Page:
For art history alumni, a celebratory homecoming
A weekend symposium offered alumni an opportunity to reconnect with their alma mater while sharing their current work as Elon University marked the 10th anniversary of its art history program.
It is impossible to celebrate the accomplishments of an academic program without showcasing the successes of those who complete it.
So when Elon University over the weekend marked the 10th anniversary of its art history program, alumni were a prominent part of a symposium that brought international experts to campus for a celebration of the innovative approach Elon faculty members use to prepare tomorrow’s art historians and museum curators.
A half dozen Elon University art history alumni shared graduate school research during the opening hours of the “Between, Among, and Across: Transhistories of the Visual” symposium held Feb. 27-28, 2015, in the LaRose Digital Theatre. Several others visited to support their classmates, reconnect with professors and expand their growing professional networks.
Elon formally introduced its art history minor in the 2004-2005 academic catalog, with an art history independent major graduate in 2007 and the first official art history major receiving her degree in 2008.
“We celebrated our past successes in the attendance of many of our alumni and the scholarly presentations of those who have gone on to art history graduate schools,” said Professor Kirstin Ringelberg, coordinator of the university’s art history program. “But we also looked to the future, whether in the participation of our current students in what was a challenging intellectual event, or the networking opportunities we established for both our current students and alumni in meeting experts in a variety of relevant fields.”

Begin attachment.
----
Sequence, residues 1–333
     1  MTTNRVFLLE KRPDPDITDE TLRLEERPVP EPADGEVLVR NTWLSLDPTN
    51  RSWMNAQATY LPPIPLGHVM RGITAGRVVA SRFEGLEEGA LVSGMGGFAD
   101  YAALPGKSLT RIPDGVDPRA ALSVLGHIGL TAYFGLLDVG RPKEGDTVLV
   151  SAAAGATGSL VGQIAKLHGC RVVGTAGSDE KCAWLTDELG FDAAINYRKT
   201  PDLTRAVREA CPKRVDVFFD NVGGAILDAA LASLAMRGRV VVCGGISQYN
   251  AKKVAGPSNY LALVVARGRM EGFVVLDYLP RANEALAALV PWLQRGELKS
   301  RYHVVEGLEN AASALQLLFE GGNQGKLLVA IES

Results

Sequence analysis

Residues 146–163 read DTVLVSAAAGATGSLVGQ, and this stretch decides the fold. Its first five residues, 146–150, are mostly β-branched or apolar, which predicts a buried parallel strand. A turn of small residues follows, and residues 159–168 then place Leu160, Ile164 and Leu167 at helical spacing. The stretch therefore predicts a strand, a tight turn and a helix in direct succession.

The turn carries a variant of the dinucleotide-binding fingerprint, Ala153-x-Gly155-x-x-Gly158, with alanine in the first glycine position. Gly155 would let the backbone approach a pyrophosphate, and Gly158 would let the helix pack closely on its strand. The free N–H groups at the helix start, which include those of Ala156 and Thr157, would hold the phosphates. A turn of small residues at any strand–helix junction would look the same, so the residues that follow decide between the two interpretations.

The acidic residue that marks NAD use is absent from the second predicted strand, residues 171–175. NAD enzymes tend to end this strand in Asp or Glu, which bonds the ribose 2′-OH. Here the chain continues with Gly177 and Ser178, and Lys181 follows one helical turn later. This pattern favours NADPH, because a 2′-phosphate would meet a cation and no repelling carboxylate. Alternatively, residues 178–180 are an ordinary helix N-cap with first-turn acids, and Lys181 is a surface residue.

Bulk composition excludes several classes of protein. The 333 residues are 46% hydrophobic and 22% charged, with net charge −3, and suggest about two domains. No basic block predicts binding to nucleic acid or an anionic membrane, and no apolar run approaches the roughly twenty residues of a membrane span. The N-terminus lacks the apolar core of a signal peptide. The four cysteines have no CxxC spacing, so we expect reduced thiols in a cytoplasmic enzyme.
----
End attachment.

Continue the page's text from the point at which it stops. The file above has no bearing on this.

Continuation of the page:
The art history program has graduated 40 majors over the past decade with dozens more students declaring art history as a minor. Alumni Erin Day, Caitlin Glosser, Jess Keough, Farley Sanderford, Sarah Simmons and Rachel Zimmerman made presentations as part of the symposium.
For Simmons, giving a talk on her doctoral work at Florida State University was a way to show gratitude to her Elon professors.
“I value the time and efforts they put into their students,” said the 2009 graduate. “When they invited alumni back to speak, it wasn’t a question. It was an opportunity to give back to them and show how I’ve grown. It was a thank you.”
Alumni in attendance credited their professors and the rigorous curriculum for preparing them to serve as emerging leaders in their fields.
“A lot of what you learn as an art history major is talking about art and being descriptive,” said Melissa Spencer ‘09 G’10, a media technologist at Georgia Perimeter College in Atlanta. “I write a lot of documentation today, and being descriptive - talking about a process - is easier because I was taught how to talk about art.”
Others said their return to campus - in some instances, it was their first trip to Elon since graduation - reminded them of the way their education shaped their professional journeys. Day was one such symposium participant. Though she said she has always cherished the close relationships she forged with art history faculty, she never fully realized the power of her experience on campus.
Until this weekend.
“I was one of those people who left with the mentality that this was a chapter in my life that has ended and I’m not coming back,” said Day, who later pursued a graduate degree in art history theory and criticism from Stony Brook University before taking a curatorial assistant position with the High Museum of Art in Atlanta. “I couldn’t have been more thrilled to step back on the campus again and appreciate my four years here in way I didn’t at the time.”
For more information on Elon University’s Department of Art & Art History, visit www.elon.edu/art.